Summer thrillers: six book recommendations

I normally reach for thrillers in the winter, but I’ve had such a hankering for a fast-paced story these days.  Summer thrillers hit a little different!  Here are some summer thrillers that I read and loved, and some I’ve got my eye on:

The Last Thing He Told Me by Laura Dave

Hannah and her stepdaughter Bailey are thrown into turmoil when Owen, Hannah’s husband and Bailey’s dad, goes on the run.  As they piece together what happened, they discover shocking details about Owen and learn that he’s not the man they thought they knew.  I loved that this thriller was based in thought and logic rather than action scenes; it’s more of a whodunnit.  I’d call this a soft thriller and would recommend it to anyone who’s new to the genre!  And it was on Reese’s Book Club so of course I’m going to love it.

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Genuine Fraud by E. Lockhart

Like I wrote in my review of Genuine Fraud, I was completely sucked into this story and its unique narrative style.  We start the book with a girl living in a Mexico resort who’s running from something or someone.  The book follows back through the timeline as we get closer and closer to the inciting incident.  Another interesting aspect of this book is that it takes place in so many different cities: Martha’s Vineyard, London, San Francisco, and more.  A good pick if you’re feeling some wanderlust right now.

Leave the World Behind by Rumaan Alam

This cerebral thriller follows a tech-dependent family of four as their Hamptons vacation takes an unexpected (and possibly lethal) turn.  I’ve never read a book that can divide a crowd like Leave the World Behind can!  It has such a strange, creeping pace that simulates the character’s experience.  Overall, it’s a haunting story about who we are when we’re disconnected.  I wrote in my original review that it makes you think, but is worth the read.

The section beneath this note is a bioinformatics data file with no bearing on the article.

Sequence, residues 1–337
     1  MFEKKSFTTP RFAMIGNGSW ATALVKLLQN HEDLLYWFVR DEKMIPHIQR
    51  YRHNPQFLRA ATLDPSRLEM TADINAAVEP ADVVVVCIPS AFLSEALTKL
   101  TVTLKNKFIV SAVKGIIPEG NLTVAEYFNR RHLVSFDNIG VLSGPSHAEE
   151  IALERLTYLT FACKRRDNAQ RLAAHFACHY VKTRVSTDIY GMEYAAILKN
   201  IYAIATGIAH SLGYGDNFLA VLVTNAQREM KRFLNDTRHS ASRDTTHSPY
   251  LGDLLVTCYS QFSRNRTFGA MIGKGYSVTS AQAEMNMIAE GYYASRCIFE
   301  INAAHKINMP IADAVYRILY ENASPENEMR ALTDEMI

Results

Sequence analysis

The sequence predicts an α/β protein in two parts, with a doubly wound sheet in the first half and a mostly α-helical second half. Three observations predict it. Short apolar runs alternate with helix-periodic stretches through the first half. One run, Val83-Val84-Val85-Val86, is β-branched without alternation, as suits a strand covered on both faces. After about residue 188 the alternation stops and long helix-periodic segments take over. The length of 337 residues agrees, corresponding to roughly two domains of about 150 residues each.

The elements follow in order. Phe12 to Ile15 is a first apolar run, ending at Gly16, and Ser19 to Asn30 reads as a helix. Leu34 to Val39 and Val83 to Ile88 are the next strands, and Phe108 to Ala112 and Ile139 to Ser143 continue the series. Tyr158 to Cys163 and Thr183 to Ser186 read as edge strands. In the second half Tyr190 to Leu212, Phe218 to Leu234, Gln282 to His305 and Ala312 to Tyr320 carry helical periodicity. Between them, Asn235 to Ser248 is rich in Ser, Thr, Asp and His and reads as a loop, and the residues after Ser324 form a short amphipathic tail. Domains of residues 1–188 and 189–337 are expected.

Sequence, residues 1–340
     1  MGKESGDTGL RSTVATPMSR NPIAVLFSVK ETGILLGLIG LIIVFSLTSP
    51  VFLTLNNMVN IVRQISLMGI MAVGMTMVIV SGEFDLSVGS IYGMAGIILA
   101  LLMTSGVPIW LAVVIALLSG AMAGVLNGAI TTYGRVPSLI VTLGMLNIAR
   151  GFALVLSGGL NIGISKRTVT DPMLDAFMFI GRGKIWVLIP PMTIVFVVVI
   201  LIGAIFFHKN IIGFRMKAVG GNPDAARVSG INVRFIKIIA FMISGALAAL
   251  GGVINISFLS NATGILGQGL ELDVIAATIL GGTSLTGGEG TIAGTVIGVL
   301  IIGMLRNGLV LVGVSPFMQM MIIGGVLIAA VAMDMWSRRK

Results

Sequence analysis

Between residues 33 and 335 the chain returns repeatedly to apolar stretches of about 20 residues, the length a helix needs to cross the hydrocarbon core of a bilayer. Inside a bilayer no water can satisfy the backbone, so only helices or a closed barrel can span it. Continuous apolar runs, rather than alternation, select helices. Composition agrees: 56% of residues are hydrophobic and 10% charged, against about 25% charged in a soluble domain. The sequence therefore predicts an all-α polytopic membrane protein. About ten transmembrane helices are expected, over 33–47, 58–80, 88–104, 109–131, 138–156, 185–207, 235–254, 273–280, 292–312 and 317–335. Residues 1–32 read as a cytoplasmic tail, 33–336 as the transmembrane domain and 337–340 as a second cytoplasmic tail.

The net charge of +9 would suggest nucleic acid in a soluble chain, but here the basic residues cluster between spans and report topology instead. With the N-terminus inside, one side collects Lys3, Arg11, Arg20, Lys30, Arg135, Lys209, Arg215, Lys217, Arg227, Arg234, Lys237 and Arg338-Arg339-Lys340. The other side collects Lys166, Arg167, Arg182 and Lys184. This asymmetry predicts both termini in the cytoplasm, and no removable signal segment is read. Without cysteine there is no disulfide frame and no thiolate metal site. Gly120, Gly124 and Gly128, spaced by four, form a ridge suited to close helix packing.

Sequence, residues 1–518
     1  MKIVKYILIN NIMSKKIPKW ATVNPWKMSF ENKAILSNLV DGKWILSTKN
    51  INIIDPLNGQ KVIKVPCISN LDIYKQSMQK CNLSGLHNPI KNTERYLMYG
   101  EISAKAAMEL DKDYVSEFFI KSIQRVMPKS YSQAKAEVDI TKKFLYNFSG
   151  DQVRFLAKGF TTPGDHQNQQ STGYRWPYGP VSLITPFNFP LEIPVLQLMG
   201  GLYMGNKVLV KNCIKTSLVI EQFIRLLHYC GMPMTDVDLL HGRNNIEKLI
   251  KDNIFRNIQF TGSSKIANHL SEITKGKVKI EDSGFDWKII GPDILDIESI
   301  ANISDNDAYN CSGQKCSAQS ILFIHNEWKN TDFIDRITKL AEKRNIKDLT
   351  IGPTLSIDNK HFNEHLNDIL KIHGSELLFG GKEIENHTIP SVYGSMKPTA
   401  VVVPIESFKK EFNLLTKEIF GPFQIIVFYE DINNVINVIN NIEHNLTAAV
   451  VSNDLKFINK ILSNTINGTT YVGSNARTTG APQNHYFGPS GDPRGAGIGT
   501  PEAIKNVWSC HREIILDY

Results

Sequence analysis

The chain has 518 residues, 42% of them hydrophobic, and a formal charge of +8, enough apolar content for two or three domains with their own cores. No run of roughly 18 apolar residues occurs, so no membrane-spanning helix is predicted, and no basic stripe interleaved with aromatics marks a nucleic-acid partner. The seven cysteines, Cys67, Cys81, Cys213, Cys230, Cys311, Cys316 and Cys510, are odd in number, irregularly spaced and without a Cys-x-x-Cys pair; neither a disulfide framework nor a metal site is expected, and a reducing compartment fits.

She’s Too Pretty to Burn by Wendy Heard

This is the perfect book for readers who love a story about teenagers with too much time on their hands.  She’s Too Pretty to Burn is a modern retelling of The Picture of Dorian Gray that takes into account social media, public art, and the pitfalls of social activism.  There’s a sweet romance mixed in as well that counteracts the bitterness of a thriller really well.  I shared in my honest ARC review that this book requires some suspension of disbelief, but once you buy into the story, it’s such a fun read.

The Hunting Wives by May Cobb

After settling down in a Texas suburb, wife and mother Sophie gets pulled into an elite ladies’ club called The Hunting Wives.  This group isn’t luncheons and benefits: there’s a dark underside that Sophie discovers, and an allure she can’t help but resist.  When the group gets tied to a potential murder investigation, Sophie has to determine just how entangled her life is with the group and its fate.

The Lion’s Den by Katherine St. John

Don’t let the bright, summery cover fool you: this book has a dark side.  What starts as a relaxing holiday vacation on a beautiful yacht turns ugly when host Summer starts treating her guests less like, well, guests and more like prisoners.  Main character Belle has to figure out how to survive the vacation and keep her own ugly secrets close to her chest.

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